Fort Collins, CO (PRWEB) October 19, 2011
Fort Collins-based engineering and sustainability consulting firm, Brendle Group, has been awarded the City of Fort Collins 2011 Urban Design Award in the Green Design category. The award, which recognizes outstanding green building design and renovation projects, showcases Brendle Group’s successful and innovative deep green renovation of its new headquarters at 212 West Mulberry in Fort Collins.
Brendle Group partnered with commercial project developer Everitt-MacMillan in 2010 to acquire and renovate the award-winning building, which was initially constructed in 1985 and was the first known commercial building in Colorado to utilize solar photovoltaic (PV) panels. With support from the Fort Collins Downtown Development Authority and several project partners including general contractor Dohn Construction and designer Sherman Design, the project breathes new life and innovations into the building, incorporating multiple renewable energy technologies, lighting and energy efficiency upgrades, improvements to the mechanical systems, and salvaged and recycled materials.
Project architect Greg Fisher commented, “Working with Brendle Group and their commitment to the project and to sustainability was a truly meaningful experience. No concept was too big or too small to be considered in the search for optimizing quality and minimizing negative environmental impact.”
The building, which is also in the process of being certified under the U.S. Green Building Council’s Leadership in Energy and Environmental Design (LEED) program, represents a key aspect of green building, focusing on building re-use instead of new construction. Modeled to be 70 percent more energy efficient than a typical office building in the region, the renovated building is outperforming expectations, with over 75 percent greater energy efficiency. It showcases three commercially available solar PV solutions tied together in parallel with a single inverter, creating a PV “mini-lab” that allows for data collection, research, and streaming of real-time energy production to a display in the building’s lobby. The building’s solar energy production – which is averaging nearly 30% of total electricity consumption – helps offset its electricity costs, while an energy management system allows for energy loads to be remotely turned off during times of peak energy use, which could result in significant cost savings if applied elsewhere in Fort Collins and beyond.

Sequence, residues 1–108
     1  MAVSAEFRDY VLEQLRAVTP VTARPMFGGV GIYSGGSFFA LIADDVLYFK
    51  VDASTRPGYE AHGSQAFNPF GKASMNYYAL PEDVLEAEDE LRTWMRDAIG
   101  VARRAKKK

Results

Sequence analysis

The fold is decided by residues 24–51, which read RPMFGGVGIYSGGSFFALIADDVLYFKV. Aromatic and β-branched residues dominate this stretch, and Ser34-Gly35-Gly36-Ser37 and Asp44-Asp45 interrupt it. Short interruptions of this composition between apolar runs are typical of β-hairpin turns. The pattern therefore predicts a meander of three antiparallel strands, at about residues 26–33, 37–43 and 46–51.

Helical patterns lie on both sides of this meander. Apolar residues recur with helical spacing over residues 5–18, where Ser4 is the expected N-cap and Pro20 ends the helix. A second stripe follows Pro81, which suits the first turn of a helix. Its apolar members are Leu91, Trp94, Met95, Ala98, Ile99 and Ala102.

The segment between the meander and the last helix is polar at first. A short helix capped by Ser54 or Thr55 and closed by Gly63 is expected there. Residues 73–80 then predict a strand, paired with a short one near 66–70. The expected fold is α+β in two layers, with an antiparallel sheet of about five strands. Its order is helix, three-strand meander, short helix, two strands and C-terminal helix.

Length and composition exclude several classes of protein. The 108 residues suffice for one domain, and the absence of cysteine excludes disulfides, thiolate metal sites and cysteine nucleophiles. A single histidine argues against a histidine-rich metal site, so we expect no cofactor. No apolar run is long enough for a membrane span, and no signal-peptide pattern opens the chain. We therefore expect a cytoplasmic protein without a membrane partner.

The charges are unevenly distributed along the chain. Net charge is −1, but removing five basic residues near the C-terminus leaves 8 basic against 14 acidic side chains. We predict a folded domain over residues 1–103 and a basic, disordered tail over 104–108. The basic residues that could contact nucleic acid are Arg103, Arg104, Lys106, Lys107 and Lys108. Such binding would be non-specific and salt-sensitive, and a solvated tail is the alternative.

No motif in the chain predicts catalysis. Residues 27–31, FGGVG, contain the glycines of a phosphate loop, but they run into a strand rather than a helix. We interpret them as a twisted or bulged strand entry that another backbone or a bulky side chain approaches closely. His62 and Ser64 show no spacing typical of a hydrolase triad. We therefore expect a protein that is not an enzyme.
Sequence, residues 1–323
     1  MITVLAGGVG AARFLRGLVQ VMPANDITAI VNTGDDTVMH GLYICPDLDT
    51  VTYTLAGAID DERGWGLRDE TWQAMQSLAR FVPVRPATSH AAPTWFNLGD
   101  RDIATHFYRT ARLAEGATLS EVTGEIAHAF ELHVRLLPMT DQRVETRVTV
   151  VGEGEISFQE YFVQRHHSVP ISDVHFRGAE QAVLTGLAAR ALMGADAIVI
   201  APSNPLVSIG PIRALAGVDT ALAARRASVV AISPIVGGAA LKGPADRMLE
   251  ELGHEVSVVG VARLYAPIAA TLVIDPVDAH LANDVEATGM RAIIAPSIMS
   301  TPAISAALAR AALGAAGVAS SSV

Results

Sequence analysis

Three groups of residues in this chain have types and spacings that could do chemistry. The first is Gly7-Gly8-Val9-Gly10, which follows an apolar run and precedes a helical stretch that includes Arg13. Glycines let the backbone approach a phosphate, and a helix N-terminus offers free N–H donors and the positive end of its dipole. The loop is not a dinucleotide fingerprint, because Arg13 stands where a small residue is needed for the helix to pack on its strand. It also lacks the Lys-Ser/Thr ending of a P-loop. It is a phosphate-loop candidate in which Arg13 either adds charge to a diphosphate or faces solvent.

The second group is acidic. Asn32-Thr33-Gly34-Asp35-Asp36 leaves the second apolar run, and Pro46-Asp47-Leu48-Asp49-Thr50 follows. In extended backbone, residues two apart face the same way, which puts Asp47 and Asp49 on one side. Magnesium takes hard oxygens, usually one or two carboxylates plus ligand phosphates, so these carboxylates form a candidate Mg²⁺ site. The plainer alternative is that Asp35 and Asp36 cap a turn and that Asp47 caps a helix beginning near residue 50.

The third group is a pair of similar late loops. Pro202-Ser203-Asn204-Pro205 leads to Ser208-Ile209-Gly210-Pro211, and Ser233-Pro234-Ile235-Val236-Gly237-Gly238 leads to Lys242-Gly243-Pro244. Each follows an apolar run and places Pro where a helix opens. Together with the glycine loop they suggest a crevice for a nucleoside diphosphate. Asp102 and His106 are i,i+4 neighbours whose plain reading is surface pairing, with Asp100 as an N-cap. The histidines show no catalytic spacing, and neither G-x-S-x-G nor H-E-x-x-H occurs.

Overall, says Brendle Group President Judy Dorsey, the project is a cost-effective model for how other small and medium-sized businesses can benefit from deep green renovation and design projects. “Although we’ve been consulting in the green building field for 15 years, the chance to be our own customer has given us a unique perspective and more applied experience to help other businesses reach their green building goals”, says Dorsey. “On a modest budget and short schedule, we proved that deep green can be done and isn’t cost prohibitive for small businesses.” The company has already hosted building tours for nearly 500 individuals including representatives from international cleantech organizations, federal agencies, the green building community, the education sector, and others to show how the project can be replicated.
For more information about the project, visit http://www.brendlegroup.com/ourhome.
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